“If somebody had said to me in Grade 10 that this person would be getting an award, I would have said, ‘no way.’ I really wanted to package him up and send him far, far away," he said, sparking some light laughter.
“But over the years he has improved. He got better. He became more coachable.”
Coach Aaron Stromsmoe handed out the Top Offensive Player award.
Stromsmoe said when evaluating who should receive that award "we’re looking for somebody who’s scoring points, who’s getting us yards. We’re looking for somebody who’s going to be a leader on the field; all of the above.”
He said Heppner fitted that bill perfectly.
“He could have fit in for the MVP award, he could have taken the rookie of the year award. Honestly, this guy kind of did it all for us.”
Coach Hayden Brenneis presented the Top Defensive Player award.
Brenneis, a new teacher at ÉOHS this year has been involved in virtually every aspect of football over the past 18 years, from player, to advisor and coach.
He said his first introduction to Worth and his impact on the team came when unlike the other players dressed in their team jerseys, Worth entered the room “wearing a bright silver metallic jersey that’s probably two sizes too small.”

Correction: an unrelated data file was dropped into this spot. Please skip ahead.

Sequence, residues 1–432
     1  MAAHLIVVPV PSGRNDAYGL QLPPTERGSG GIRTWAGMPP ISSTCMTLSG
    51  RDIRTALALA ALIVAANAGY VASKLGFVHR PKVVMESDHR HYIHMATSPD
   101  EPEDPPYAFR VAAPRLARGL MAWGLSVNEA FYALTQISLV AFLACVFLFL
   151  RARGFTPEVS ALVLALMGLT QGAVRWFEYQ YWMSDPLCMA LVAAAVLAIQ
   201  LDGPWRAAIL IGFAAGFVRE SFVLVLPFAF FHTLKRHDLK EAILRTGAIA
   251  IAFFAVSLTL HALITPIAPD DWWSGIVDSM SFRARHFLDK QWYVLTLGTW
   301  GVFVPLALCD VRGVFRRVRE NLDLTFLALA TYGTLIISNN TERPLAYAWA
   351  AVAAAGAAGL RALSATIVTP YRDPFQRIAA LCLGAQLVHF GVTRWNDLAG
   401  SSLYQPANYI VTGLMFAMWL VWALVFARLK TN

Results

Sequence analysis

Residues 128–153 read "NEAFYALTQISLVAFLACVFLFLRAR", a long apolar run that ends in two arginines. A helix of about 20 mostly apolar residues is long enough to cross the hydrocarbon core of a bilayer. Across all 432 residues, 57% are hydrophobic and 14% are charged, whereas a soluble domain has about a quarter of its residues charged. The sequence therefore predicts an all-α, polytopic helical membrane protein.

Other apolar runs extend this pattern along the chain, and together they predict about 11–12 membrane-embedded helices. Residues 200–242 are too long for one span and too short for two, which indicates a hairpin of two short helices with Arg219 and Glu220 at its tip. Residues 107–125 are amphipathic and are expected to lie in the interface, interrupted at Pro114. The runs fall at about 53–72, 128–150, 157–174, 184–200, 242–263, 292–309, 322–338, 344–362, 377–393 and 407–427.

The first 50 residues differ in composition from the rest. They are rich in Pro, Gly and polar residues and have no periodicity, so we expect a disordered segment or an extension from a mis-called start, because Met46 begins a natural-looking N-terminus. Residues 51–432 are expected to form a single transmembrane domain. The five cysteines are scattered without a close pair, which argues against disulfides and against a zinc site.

That left him wondering what kind of a player this guy was, but Brenneis was quickly impressed by Worth’s ability.
“As our season progressed through those initial weeks, we were able to put in place a defence that was centered around this player, occupying and controlling the middle of the field," Brenneis said.
“He was dominant in stopping the run and extremely responsible as a stay-at-home defender.
“His presence was felt on and off the field as his love of the game and sheer enjoyment playing football rubbed off on to his teammates.
“His antics in the dressing room and on the field were not always the most appropriate (laughter) but did reflect his lighthearted approach to life and football.
“The more I was able to get to know him, the easier it was to see past this façade though and in reality, he’s a caring, respectable and hard-working young man, one that we at the program are proud to call one of ours.”
Coach Lyle Groves said Ajak was a dominant lineman and dedicated teammate.
“He was feared by other teams, at least those who were tuned into the game and they adjusted their plays and formations to compensate for him,” Groves said. “I will miss his dominant style and the impact plays he brought to our team."
He said Ajak was a real team player filling in on both offence and defence.
“He was a very intense player as well, waiting to be on the field to make a difference, to block or to attack, always in the zone, paying attention to the game,” he added.
Coach Rudy Durieux presented the Dedication and Commitment award.
“This is awarded to a player who demonstrates exemplary character, courage, contribution and commitment as a member of their team,” Durieux said.
He said while Graville was possibly “the most annoying player on the team” he was also one of the most enthusiastic.
“He just made, I think, the season more enjoyable for everybody,” Durieux said.